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Studies on interplay between Human Papilloma Virus infection and p53 gene alterations in head and neck squamous cell carcinoma of an Indian patient population
  1. Sayan Mitra (thisissayan{at}yahoo.co.in)
  1. Indian Institute of Chemical Biology, India
    1. Soma Banerjee (sbanerje{at}mail.nih.gov)
    1. Indian Institute of Chemical Biology, India
      1. Chaitali Misra (chaitali_298{at}yahoo.co.in)
      1. Indian Institute of Chemical Biology, India
        1. Ratnesh Kumar Singh (ratnein{at}yahoo.com)
        1. Chittaranjan National Cancer Institute, Kolkata, India
          1. Anup Roy (pupun_in{at}yahoo.co.uk)
          1. Medical College and Hospital, Kolkata, India
            1. Arunava Sengupta (thisissayan{at}gmail.com)
            1. Cancer Centre and Welfare Home, Kolkata, India
              1. Chinmay Kumar Panda (ckpanda{at}vsnl.net)
              1. Chittaranjan National Cancer Institute, Kolkata, India
                1. Susanta Roychoudhury (susanta{at}iicb.res.in)
                1. Indian Institute of Chemical Biology, India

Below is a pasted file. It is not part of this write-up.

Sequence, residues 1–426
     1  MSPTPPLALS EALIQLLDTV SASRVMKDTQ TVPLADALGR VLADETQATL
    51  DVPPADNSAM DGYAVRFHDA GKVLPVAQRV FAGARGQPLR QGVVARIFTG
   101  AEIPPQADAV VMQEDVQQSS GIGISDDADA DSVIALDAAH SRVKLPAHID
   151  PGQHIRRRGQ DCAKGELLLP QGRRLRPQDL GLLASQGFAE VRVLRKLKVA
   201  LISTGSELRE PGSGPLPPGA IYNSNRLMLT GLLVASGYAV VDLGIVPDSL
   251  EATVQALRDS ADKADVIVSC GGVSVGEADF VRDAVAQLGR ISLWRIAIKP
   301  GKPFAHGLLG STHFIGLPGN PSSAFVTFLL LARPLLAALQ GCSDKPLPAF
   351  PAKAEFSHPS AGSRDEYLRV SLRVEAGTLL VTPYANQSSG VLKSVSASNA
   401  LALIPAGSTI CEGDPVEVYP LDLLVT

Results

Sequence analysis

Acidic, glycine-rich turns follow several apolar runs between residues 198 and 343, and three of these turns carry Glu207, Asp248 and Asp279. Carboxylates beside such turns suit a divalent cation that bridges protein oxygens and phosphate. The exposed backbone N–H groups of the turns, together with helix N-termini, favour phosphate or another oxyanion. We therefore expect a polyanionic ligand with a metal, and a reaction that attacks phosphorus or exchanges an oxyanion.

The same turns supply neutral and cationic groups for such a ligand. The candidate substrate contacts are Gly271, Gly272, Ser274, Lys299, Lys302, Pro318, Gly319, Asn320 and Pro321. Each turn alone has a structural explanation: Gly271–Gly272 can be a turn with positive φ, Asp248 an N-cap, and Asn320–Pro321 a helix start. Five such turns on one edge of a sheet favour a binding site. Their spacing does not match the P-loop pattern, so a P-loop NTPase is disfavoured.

Abstract

                  Aim: This study is directed towards understanding the complex interplay between Human papilloma Virus (HPV) infection and p53 gene alteration in a set of 92 head and neck squamous cell carcinoma (HNSCC) and 28 leukoplakia samples from eastern India.

                  Methods: DNA isolated from the patient samples were subjected to HPV detection, Loss of Heterozygosity (LOH) analysis of the chromosome 17p region harboring p53, genotyping at the p53 codon 72 locus followed by sequencing of the entire p53 gene to identify somatic mutations. Codon 72 heterozygotes carrying p53 mutation were further cloned and resequenced to identify the allele harboring the mutation.

                  Results: HPV positivity in the HNSCC samples was found to be 69% while 21% percent of the HNSCC were found to harbor p53 mutations in the coding region of the gene. The absence of p53 mutation in HPV positive tumors was found to be statistically significant compared to the HPV negative tumors (p=0.01) but the same did not hold true for p53 LOH (p=1.0). Among the germline p53 codon 72 heterozygotes, the Pro allele was preferentially lost (p=0.02) while the Arg allele was mutated in majority cases. We also observed that the risk of HPV mediated tumorigenesis increased with the increase in number of Arg alleles at the codon 72 locus.

                  Conclusion: We propose that genetic and epigenetic alteration of p53 follow distinct pathways during the development of HNSCC from normal epithelium via dysplasia. p53 mutation and HPV mediated p53 inactivation possibly constitute two independent pathways of tumorigenesis.

                  • HNSCC
                  • HPV
                  • p53 LOH
                  • p53 mutation
                  • p53 polymorphism

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